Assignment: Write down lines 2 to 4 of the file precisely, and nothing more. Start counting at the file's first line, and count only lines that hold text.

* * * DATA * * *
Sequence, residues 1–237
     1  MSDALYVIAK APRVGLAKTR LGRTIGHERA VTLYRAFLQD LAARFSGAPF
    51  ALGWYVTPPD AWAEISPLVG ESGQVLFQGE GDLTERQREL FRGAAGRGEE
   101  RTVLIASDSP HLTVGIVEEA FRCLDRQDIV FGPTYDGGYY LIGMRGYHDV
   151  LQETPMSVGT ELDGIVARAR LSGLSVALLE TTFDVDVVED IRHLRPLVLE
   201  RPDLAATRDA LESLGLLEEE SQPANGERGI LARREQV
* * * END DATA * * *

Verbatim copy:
     1  MSDALYVIAK APRVGLAKTR LGRTIGHERA VTLYRAFLQD LAARFSGAPF
    51  ALGWYVTPPD AWAEISPLVG ESGQVLFQGE GDLTERQREL FRGAAGRGEE
   101  RTVLIASDSP HLTVGIVEEA FRCLDRQDIV FGPTYDGGYY LIGMRGYHDV